This book is written for healthcare professionals who wish to understand the principles and applications of information and communication methods and technologies in healthcare. The text is presented in a way that should make it accessible to anyone, independent of prior technology knowledge. It is suitable as a textbook for undergraduate and postgraduate training in the clinical aspects of informatics, and as an introductory textbook for those pursuing a postgraduate career in health and biomedical informatics.
The text is designed to be used by all healthcare professionals, including nurses and allied health professionals, and not just medical practitioners. When I use the term ‘clinician’ in this book I am referring to any health care practitioner directly involved in patient care. Those with a background in information and communication technology should find the book a valuable introduction to the diverse applications of technology in health, as well as summarize the unique challenges of this domain.
With the third edition of the Guide I have kept the essential backbone of the informatics story the same as in previous editions. Part One contains foundational chapters that explain simply the abstract concepts that are core to informatics. Subsequent chapters then built upon those foundations. Part Two contains a set of chapters that explore all the main themes of the book from the perspective of informatics skills. Practising clinicians must understand how to communicate effectively, structure information, ask questions, search for answers, and make robust decisions. Informatics is as much about doing as it is about the tools we use and these chapters make clear why the study of health informatics is the foundation of all other clinical activities.
We return to each of these information and communication system themes in later chapters, taking a more technological focus. The book has a strong emphasis on demonstrating what works and what does not work in informatics. I have created a new evaluative framework based on the value of information that runs through the book, to help understand why some classes of intervention appear to work so much better than others. Each chapter ends with questions intended to test the reader’s understanding of the chapter or stimulate discussion of the material. Not all the answers to the questions are easy or obvious, and some are specifically designed to challenge.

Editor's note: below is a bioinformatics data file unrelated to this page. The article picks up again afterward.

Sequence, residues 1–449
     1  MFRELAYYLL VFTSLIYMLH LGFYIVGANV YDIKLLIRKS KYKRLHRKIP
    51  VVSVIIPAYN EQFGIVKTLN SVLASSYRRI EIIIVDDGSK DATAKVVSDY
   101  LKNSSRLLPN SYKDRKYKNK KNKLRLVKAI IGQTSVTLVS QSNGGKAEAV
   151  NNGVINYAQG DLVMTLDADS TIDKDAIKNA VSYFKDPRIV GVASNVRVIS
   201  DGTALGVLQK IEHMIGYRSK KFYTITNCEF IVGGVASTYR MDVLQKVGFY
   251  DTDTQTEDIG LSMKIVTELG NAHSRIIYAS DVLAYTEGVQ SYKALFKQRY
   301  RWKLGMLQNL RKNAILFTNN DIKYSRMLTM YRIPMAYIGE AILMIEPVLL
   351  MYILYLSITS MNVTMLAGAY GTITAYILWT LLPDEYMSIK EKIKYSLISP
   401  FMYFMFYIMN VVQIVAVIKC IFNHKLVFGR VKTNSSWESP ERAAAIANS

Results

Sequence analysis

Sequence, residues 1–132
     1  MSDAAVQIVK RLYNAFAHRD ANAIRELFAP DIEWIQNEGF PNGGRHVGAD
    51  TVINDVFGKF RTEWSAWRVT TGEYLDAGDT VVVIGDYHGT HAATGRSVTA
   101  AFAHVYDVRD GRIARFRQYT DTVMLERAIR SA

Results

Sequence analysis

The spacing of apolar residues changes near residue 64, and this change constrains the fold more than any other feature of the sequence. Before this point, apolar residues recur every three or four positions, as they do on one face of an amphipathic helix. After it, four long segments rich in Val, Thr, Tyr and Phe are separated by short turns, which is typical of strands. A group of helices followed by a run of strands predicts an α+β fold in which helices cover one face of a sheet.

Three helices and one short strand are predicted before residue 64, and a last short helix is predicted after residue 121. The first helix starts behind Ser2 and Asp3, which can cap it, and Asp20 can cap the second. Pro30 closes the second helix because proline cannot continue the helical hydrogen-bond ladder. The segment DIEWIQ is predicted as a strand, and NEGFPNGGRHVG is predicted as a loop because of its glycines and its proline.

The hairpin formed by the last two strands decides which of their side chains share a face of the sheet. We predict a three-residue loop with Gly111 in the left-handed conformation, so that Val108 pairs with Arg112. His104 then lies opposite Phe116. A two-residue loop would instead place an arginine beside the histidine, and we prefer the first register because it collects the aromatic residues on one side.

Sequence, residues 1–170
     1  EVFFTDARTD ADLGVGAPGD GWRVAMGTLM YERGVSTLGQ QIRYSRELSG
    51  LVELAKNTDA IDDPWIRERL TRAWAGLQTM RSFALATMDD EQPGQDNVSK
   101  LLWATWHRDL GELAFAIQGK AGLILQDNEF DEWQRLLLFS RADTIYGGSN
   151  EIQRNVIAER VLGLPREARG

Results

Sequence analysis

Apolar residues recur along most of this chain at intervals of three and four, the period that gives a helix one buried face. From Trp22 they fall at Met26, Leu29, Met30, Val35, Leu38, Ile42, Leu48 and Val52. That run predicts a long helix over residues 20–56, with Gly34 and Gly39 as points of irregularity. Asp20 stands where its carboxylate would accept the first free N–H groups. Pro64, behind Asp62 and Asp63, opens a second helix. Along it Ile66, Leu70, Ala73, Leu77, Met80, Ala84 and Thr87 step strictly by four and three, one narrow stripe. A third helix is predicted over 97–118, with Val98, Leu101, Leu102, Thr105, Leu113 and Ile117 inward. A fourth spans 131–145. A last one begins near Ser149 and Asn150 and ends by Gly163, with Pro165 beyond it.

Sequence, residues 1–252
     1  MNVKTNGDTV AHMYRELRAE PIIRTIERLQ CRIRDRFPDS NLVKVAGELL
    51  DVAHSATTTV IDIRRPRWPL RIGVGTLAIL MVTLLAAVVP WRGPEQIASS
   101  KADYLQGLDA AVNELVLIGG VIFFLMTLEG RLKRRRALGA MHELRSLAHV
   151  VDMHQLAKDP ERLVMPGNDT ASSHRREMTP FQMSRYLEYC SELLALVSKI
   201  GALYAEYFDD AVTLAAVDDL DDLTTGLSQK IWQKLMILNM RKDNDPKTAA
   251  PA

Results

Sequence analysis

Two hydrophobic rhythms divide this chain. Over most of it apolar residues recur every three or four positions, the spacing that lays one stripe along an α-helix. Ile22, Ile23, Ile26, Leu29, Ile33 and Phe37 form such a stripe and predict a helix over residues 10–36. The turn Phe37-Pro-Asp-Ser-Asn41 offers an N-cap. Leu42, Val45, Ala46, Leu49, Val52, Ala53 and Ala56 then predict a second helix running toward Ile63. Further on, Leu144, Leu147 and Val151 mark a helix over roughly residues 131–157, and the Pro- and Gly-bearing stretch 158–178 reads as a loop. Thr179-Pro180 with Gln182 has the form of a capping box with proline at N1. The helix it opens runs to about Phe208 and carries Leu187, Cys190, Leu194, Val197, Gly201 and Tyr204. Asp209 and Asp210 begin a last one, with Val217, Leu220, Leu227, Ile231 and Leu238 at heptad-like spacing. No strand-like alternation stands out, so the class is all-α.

Health informatics has undergone many changes since the appearance of the second edition in 2003. New themes have emerged, and new methods and technologies have been adopted. Old ideas have fallen by the wayside. The third edition is thus significantly longer than earlier editions and contains six major new chapters. The chapters cover Implementation, Information System Safety, Social Networks and Social Media Interventions, Model Building for Decision Support, Data Analysis and Scientific Discovery, Clinical Bioinformatics and Personalized Medicine, and Consumer Informatics. The new chapters are extensive and focus as much as possible on basic concepts and principles, rather than simple narrative descriptions of the topics. All the old chapters have had overhauled, most of them significantly restructured, updated and extended. There are very many new sections within the updated chapters, covering diverse topics including health information exchanges, M-health, patient consent models, natural language processing and even augmented reality. Several old chapters have been deleted or merged.
It seemed a foolhardy mission for a single author to write a comprehensive text on health informatics in 1996 or even 2003. In 2014 the task took on Quixotic proportion as I debated which material should appear into an introductory text, and what should be excluded. My rule of thumb was to include wherever possible basic principles and organizing structures as a priority, and only include information which was likely to have a long half-life. The research base of our discipline grows rapidly, and it is very easy to create chapters that date quickly.
As always the balance is between creating an introductory work which has some longevity and explores the core concepts needed to understand our discipline with a single and unified voice, or writing an encyclopedic multi-author work that tries to do everything, but has too many voices, becomes out of date quickly, and overwhelms students. At least for this edition I think we have still managed to keep the book to a ‘single voice’ overview – although I have had many expert colleagues help me with sourcing, writing and structuring the material and checking what has been written. I hope that the clarity of this text makes up for any limitations in its comprehensiveness.
© Enrico Coiera 1997 – 2014